September, 15, 2011
9/15/11
4:48
PM CT
Oklahoma heads to Florida State this weekend for the game of the week. What has to happen for a Sooner victory?

I'm so glad you asked.

1. Keep contain on EJ Manuel early. Manuel likes to pass first. Don't think otherwise. But are his accuracy and efficiency good enough to beat Oklahoma on their own? He had a nice game against Virginia Tech's stout defense last year (23-of-31, 288 yards, TD, 2 INT) but if Oklahoma's linebackers let Manuel beat them with his legs too, it could be a long day for the defense. That's true of plenty of running quarterbacks, but Manuel is a much more balanced passer than the majority of scramblers. If the Sooners get burnt early with broken plays and end up having to assign a defender to constantly spy Manuel, he's got the ability to beat them with his arm.

2. Don't make the big mistake. As it stands, Oklahoma has about a 60-70 percent chance of winning this game. The turnover battle is important in any game, sure, but for a favored team on the road with a lot on the line, it's doubly important. Oklahoma survived a pick-six from Landry Jones at Oklahoma State last year with the Big 12 South in the balance. It might not be as fortunate this time. Maybe the big mistake is another turnover that turns into points. Maybe it's awful punt coverage on the always dangerous Greg Reid. Either way, plays like that shift momentum, and if Oklahoma wins the turnover battle in this game, that 60-70 percent chance only grows. If it's the opposite? Well, you know.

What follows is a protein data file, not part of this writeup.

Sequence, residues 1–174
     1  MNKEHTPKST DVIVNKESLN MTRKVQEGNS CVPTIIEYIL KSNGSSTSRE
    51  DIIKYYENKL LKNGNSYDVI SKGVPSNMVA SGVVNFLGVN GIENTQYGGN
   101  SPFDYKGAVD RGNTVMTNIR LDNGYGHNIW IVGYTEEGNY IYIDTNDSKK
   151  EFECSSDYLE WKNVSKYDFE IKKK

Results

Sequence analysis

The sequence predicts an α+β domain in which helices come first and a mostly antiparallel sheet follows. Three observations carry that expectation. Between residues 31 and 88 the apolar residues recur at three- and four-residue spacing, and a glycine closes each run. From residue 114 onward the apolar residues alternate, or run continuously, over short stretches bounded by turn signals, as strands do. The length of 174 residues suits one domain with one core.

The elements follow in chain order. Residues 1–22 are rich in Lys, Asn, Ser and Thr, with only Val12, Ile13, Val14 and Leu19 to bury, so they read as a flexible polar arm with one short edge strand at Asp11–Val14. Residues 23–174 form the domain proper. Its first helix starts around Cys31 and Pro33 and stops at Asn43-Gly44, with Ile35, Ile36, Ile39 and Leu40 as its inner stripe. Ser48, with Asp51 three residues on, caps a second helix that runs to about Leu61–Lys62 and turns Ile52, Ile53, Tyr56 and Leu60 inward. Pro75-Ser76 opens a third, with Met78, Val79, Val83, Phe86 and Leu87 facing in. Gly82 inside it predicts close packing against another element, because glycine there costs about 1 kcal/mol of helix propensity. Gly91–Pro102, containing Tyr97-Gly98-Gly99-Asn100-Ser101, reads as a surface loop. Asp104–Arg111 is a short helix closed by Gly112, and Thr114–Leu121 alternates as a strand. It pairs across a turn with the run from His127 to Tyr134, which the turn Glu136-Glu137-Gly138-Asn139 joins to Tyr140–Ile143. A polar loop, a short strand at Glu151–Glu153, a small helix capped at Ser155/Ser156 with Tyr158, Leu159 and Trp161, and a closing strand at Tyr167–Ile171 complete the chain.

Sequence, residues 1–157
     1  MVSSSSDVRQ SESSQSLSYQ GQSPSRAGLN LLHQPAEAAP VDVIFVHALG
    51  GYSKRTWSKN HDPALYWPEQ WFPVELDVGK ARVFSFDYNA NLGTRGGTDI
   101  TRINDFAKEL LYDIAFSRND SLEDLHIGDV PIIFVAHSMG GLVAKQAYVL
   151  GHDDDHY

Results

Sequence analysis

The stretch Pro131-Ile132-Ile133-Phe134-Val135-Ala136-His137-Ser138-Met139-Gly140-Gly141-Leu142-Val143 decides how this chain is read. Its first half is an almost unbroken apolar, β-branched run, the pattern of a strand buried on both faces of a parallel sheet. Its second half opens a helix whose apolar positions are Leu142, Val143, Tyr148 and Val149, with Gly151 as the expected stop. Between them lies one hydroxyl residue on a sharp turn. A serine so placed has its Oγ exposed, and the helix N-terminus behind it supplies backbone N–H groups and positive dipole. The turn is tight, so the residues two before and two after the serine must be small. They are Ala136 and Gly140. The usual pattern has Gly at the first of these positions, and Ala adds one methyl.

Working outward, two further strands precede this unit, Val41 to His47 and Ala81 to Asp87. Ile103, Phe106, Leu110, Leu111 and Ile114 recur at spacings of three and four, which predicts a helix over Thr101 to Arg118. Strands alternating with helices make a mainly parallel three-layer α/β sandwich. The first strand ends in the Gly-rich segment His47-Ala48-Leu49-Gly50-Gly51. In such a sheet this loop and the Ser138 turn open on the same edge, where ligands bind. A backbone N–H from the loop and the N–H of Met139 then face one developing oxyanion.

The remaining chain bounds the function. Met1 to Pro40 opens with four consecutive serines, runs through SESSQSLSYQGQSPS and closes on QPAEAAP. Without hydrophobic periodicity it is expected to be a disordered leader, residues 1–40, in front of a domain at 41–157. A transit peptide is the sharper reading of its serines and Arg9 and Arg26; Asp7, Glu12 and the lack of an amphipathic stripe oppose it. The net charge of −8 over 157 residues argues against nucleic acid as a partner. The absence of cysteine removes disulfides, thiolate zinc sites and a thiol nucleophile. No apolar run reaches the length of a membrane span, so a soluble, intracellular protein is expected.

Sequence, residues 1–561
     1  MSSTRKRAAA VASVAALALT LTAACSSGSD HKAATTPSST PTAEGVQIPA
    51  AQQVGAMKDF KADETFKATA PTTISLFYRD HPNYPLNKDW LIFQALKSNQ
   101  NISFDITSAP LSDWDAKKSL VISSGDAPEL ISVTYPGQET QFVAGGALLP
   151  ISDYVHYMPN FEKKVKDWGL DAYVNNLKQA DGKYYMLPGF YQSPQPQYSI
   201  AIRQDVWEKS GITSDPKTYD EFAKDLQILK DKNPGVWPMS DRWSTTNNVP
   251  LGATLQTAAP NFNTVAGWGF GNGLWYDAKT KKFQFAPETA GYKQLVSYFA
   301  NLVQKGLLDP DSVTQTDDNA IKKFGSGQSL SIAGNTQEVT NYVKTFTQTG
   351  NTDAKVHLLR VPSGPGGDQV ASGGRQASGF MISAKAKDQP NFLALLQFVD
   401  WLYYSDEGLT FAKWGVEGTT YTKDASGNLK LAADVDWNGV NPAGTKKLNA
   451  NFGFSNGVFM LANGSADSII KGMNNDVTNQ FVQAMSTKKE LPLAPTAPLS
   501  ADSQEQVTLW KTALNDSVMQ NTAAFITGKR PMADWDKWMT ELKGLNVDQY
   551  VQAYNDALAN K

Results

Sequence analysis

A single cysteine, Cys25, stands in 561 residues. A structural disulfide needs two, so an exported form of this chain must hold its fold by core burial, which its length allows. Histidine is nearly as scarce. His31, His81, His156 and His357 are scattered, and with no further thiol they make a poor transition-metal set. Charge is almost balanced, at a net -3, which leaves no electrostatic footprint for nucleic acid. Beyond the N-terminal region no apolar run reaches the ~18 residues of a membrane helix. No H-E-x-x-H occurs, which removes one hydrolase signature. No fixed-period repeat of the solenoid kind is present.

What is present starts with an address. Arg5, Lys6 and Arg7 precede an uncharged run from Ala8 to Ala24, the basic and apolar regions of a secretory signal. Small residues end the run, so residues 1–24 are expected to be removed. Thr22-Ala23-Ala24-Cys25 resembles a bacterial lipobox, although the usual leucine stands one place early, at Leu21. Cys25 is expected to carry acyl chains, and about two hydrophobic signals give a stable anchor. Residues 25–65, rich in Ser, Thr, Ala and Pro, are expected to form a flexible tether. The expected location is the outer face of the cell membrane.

3. SHHHHHHHH. The crowd at Doak Campbell Stadium is going to be jacked. This is one of the biggest games in recent program history, and a whole lot is on the line. A win validates Florida State's rise and stamps them as a national title contender after last year's 10-win season -- Jimbo Fisher's first season at the helm. Seminoles fans know that. They want that. The Sooners will hear it early. The best way to counter it? Take the ball from the snap, score on the opening drive and quiet the crowd. Florida State did it to Oklahoma last year. Here's guessing the Seminoles don't bounce back with 44 consecutive points for a blowout win like Oklahoma did in 2010.